THE CASH MUST FLOW

By
Commercial Real Estate Agent with Coldwell Banker Commercial NRT

I have been wondering if the BAILOUT Rescue Bill that was pushed through

Congress will help or hurt commercial real estate. As the bill stands, banks are not under any 

pressure to loan money. Under the best of circumstances the

 money that has been allocated to the banks will be freed up for loans.

If banks will then start to lend once again based on the value of the cash flow of each

individual property, then I believe that the commercial market will rebound much faster

than the residential market. The only exception that I see lies within retail.

 

When there are so many retail stores and chains in trouble facing bankruptcy it is hard to imagine a

quick turnaround. In fact, retail as we knew (know) it may never return. It even looks like the large malls

may be phased out.

 

If the banks don't start funding commercial real estate soon then the entire commercial market will remain

in trouble. There are plenty of willing purchasers for commercial buildings, and many have signed contracts

of sale, but they will never close because the buyers don't show enough income without the banks

taking into consideration the revenue the buildings produce. Actually, most are not allowing that income

to be used at this time.

 

Since the Government has entered the private sector, I hope that it will follow the example of the European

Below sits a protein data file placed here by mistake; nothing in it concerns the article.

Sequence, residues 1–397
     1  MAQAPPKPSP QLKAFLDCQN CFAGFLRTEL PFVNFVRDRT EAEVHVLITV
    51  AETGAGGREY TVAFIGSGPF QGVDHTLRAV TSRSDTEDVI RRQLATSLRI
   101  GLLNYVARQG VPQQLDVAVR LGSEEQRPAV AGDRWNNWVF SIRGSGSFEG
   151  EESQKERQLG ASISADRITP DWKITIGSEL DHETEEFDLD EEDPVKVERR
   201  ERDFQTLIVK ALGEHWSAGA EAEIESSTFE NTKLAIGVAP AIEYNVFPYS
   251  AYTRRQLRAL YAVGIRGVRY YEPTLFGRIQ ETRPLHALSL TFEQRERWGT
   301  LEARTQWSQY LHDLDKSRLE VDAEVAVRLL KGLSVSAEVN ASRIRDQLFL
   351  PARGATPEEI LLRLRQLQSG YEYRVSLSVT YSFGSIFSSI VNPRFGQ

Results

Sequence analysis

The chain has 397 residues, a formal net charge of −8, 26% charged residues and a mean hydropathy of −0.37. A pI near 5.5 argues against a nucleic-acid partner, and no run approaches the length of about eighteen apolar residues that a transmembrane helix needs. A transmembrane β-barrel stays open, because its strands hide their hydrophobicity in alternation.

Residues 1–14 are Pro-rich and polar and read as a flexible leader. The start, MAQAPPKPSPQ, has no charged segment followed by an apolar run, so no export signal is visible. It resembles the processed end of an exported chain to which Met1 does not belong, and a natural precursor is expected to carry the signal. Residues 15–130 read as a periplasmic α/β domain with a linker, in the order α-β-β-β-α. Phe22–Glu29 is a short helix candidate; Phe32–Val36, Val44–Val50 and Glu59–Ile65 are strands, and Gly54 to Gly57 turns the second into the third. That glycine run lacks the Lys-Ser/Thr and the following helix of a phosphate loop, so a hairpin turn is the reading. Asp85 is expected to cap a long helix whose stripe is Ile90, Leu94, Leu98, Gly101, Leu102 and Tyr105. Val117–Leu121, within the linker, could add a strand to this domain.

Governments who have demanded more from their banks. They have stipulated that the banks may not just

hold the money as many of our banks are doing, but that they must make loans as well. To correct our

commercial real estate market in the United States only one thought comes to mind... The cash must flow.

 

 

Comments (2)

Steve Hewson
KW Commercial Real Estate, LLC - Denver - Denver, CO
Denver Metro Comnulll Real Estate

Richard, You're one of the daring few to wirte anywhere on the internet about the effects of the rescue plan on commercial lending.  I can't resist adding a few of my thoughts. Of course we have been seeing tightening of requirements before the recent crisis.  Banks were already being discouraged by the government from making commercial loans.  Despite the low, low foreclosure rate for commercial loans it seems the government regulators lumped commercial loans into the residential category.  The old saying that banks will only loan to people who don't need the capital still applies.  Also, the insurance companyies who are a major lender on larger properties have pulled back.  Only the highly qualified borrowers with 35% to 40% cash are looked at by the banks and insurance companies.  In addition, the property has to be perfect. 

Oct 13, 2008 10:57 PM
Richard Halpern
Coldwell Banker Commercial NRT - Ellicott City, MD

Steve, Thank you for the additional input and information. One of the bankers that I spoke to last week echoed what you said in your comment. They are afraid to lend on commercial projects unless everything is "PERFECT."

Oct 14, 2008 01:59 AM